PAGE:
The People's Pharmacy

Joe Graedon, M.S.,and Teresa Graedon, Ph.D.

Q. I read in your column recently about using milk of magnesia topically for rosacea. I have been using metronidazole to treat my acne rosacea for several years. It costs a lot of money, but I’ve not had much success.

I tried milk of magnesia on my face starting three days ago, and my rosacea has almost completely disappeared! Best of all, it cost me only $2 a bottle versus a $200 copay for metronidazole.

A. Metronidazole is an antimicrobial medication commonly used to treat rosacea. In this inflammatory skin condition, the face flushes easily and may stay reddened. There may be bumps that look like pimples. Thickened bumps may form, especially on the nose.

We could not find any published studies of the effects of milk of magnesia on rosacea, although many readers have been equally enthusiastic. It certainly is less expensive than your metronidazole gel.

If you need that prescription refilled, ask the pharmacist how much it would cost for you to pay out of pocket instead of using your insurance. You might be able to save money.

Q. For several years, I’ve had bouts of constrictive esophagus, which meant an emergency trip to the emergency room to have it “ballooned” (expanded). The episodes became more frequent; the last ones were weeks apart.

Since I’m a long-time user of soap in my bed for leg cramps, as the symptoms began again, I placed a bar next to my throat, and the tightening immediately stopped. When I needed help after that, it was always soap to the rescue. Soon the episodes stopped completely. It’s been over three years since that last ER visit.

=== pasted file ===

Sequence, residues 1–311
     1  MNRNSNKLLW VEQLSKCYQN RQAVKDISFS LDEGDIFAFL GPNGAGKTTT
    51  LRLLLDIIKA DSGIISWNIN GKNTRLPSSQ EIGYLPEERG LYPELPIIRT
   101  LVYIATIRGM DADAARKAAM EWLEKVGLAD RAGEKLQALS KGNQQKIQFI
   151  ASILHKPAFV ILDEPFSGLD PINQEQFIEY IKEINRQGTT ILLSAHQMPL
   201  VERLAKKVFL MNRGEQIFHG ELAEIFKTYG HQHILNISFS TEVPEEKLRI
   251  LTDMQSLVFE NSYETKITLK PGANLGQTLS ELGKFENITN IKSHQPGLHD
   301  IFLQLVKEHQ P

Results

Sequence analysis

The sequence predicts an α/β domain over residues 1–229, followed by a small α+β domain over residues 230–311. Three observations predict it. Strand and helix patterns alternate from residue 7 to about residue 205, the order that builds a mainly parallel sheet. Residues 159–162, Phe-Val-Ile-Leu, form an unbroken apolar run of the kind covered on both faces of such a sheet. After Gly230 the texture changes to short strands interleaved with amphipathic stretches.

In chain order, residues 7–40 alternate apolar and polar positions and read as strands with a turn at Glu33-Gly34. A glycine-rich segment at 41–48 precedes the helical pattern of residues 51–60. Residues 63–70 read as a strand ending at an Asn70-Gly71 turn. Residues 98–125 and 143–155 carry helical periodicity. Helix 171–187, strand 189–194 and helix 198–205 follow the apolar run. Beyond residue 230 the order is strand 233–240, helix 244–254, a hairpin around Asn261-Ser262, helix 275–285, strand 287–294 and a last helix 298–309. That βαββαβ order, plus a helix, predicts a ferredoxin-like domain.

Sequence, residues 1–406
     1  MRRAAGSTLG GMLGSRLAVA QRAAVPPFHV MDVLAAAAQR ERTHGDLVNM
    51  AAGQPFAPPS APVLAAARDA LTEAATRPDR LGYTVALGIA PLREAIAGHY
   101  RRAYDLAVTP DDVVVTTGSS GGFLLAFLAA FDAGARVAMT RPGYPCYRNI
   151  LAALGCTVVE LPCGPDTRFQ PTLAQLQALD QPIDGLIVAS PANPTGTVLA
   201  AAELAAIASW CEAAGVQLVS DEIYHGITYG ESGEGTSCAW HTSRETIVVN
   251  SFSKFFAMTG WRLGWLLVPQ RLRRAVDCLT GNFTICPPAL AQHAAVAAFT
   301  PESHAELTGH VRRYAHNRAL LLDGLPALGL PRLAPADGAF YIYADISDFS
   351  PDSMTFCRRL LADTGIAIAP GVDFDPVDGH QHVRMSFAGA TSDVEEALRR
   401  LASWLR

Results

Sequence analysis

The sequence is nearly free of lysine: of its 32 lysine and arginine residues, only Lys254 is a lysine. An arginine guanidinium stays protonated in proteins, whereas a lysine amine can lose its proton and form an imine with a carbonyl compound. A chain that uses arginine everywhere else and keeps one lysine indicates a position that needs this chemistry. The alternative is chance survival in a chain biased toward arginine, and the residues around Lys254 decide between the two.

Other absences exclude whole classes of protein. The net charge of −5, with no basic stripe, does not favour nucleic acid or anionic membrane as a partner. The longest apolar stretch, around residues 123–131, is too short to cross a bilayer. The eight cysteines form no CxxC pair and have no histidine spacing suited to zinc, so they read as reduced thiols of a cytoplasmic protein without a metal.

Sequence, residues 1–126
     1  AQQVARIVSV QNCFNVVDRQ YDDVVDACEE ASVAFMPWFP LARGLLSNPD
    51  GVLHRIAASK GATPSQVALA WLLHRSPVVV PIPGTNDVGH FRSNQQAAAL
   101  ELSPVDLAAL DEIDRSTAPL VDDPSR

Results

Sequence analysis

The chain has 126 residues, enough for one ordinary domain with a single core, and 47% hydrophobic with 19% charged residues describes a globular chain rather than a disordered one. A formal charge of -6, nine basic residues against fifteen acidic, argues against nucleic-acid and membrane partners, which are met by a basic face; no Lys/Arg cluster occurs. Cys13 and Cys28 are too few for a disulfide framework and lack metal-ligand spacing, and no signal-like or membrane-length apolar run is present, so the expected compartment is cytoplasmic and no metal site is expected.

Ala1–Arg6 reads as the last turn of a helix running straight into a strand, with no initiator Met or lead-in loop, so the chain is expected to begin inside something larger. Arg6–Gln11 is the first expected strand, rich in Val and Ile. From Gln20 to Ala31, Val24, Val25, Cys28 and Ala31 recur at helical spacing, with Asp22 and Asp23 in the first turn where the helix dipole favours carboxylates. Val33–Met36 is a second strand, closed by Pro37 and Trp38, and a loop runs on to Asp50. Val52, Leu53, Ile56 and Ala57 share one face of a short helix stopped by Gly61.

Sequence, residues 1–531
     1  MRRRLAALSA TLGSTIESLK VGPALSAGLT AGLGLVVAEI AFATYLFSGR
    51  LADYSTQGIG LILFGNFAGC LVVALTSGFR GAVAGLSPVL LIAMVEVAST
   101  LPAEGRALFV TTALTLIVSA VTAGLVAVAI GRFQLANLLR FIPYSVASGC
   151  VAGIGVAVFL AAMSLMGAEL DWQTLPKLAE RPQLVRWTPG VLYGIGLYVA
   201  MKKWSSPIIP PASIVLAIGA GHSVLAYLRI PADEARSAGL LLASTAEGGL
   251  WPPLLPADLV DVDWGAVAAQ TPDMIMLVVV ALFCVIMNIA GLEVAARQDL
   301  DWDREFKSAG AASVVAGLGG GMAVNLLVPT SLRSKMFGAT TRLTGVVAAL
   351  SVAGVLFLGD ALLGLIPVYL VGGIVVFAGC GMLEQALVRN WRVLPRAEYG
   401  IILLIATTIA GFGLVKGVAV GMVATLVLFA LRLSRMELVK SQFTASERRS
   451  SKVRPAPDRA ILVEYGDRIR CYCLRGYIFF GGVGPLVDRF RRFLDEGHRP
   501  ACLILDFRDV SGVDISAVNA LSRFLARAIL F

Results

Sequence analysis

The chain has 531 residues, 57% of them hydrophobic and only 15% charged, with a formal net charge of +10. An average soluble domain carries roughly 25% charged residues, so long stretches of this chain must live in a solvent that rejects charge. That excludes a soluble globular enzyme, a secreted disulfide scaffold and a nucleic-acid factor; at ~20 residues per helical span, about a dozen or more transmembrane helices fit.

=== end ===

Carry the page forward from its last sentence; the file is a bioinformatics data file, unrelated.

In addition, my husband had a hacking cough morning, noon and night. Nothing would stop it. During one bout, I put a bar of soap on the front of his throat, and the cough stopped. I made him a “necklace” with a knee-high nylon stocking that has chips of soap knotted into it. As long as he wears it, he doesn’t cough.

A. We are intrigued by your report. It is quite similar to another amazing story we heard from a person with laryngospasm. That reader also made a necklace to allow wearing a chip of soap at the throat to prevent the spasm.

We don’t know how soap would work in such situations, but we suspect it is activating TRP (transient receptor potential) channels in the nerves. That may prevent them from going into overdrive and causing unwanted spontaneous muscle contractions — cramps in your legs or spasms in your esophagus.

Q. I was using a cane to walk due to the pain I was experiencing in both knees from arthritis. I was seeing a chiropractor for back pain from a fall and told him I wished he could help my knee pain as well.

He told me about grape juice and Certo. I’ve tried this remedy for two weeks now. The results are amazing! I take it twice a day, and the pain has subsided completely.

A. The mixture of 2 teaspoons of Certo (liquid fruit pectin) in 3 ounces of purple grape juice twice a day is a popular remedy for arthritis. Concord grape juice has anti-inflammatory activity, and so does pectin. Home canners are familiar with Certo, used to thicken homemade jams and jellies. Others may have to search the supermarket for the canning section to find it.

You can learn more about this and many other remedies for joint pain in our little (104-page) book “The Graedons’ Guide to Alternatives for Arthritis.” It may be purchased for $12.95 plus $3 shipping and handling from The People’s Pharmacy, Dept. AFA, P.O. Box 52027, Durham, NC 27717. You can find it online at

In their column, Joe and Teresa Graedon answer letters from readers. Write to them in care of King Features, 628 Virginia Drive, Orlando, FL 32803, or email them via their website: Their newest book is “Top Screwups Doctors Make and How to Avoid Them.”

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